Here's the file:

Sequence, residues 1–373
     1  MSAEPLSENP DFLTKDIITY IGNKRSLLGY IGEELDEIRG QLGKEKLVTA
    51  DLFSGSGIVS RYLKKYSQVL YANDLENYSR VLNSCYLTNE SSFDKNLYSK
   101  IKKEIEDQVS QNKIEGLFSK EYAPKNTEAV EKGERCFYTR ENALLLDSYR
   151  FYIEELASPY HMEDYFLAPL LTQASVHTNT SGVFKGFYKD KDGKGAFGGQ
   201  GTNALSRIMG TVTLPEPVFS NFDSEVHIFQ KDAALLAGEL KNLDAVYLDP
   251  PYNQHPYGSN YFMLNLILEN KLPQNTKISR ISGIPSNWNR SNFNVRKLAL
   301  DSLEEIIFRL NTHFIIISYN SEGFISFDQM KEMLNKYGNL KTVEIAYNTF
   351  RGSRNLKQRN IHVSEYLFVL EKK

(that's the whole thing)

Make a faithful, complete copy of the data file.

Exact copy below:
Sequence, residues 1–373
     1  MSAEPLSENP DFLTKDIITY IGNKRSLLGY IGEELDEIRG QLGKEKLVTA
    51  DLFSGSGIVS RYLKKYSQVL YANDLENYSR VLNSCYLTNE SSFDKNLYSK
   101  IKKEIEDQVS QNKIEGLFSK EYAPKNTEAV EKGERCFYTR ENALLLDSYR
   151  FYIEELASPY HMEDYFLAPL LTQASVHTNT SGVFKGFYKD KDGKGAFGGQ
   201  GTNALSRIMG TVTLPEPVFS NFDSEVHIFQ KDAALLAGEL KNLDAVYLDP
   251  PYNQHPYGSN YFMLNLILEN KLPQNTKISR ISGIPSNWNR SNFNVRKLAL
   301  DSLEEIIFRL NTHFIIISYN SEGFISFDQM KEMLNKYGNL KTVEIAYNTF
   351  RGSRNLKQRN IHVSEYLFVL EKK